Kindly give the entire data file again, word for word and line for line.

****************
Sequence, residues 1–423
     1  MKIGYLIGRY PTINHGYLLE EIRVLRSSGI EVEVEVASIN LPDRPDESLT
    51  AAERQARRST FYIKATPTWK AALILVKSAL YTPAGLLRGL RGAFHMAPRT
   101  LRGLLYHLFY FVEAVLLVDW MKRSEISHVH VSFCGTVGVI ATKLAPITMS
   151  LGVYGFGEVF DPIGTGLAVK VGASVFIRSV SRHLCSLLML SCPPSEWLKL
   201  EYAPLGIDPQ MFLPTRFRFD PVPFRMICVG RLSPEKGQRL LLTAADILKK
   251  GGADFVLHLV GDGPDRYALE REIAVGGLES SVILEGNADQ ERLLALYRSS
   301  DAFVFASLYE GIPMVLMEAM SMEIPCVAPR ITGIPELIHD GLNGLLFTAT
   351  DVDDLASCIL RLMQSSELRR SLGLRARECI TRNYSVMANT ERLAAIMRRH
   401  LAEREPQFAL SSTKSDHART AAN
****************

Sequence, residues 1–423
     1  MKIGYLIGRY PTINHGYLLE EIRVLRSSGI EVEVEVASIN LPDRPDESLT
    51  AAERQARRST FYIKATPTWK AALILVKSAL YTPAGLLRGL RGAFHMAPRT
   101  LRGLLYHLFY FVEAVLLVDW MKRSEISHVH VSFCGTVGVI ATKLAPITMS
   151  LGVYGFGEVF DPIGTGLAVK VGASVFIRSV SRHLCSLLML SCPPSEWLKL
   201  EYAPLGIDPQ MFLPTRFRFD PVPFRMICVG RLSPEKGQRL LLTAADILKK
   251  GGADFVLHLV GDGPDRYALE REIAVGGLES SVILEGNADQ ERLLALYRSS
   301  DAFVFASLYE GIPMVLMEAM SMEIPCVAPR ITGIPELIHD GLNGLLFTAT
   351  DVDDLASCIL RLMQSSELRR SLGLRARECI TRNYSVMANT ERLAAIMRRH
   401  LAEREPQFAL SSTKSDHART AAN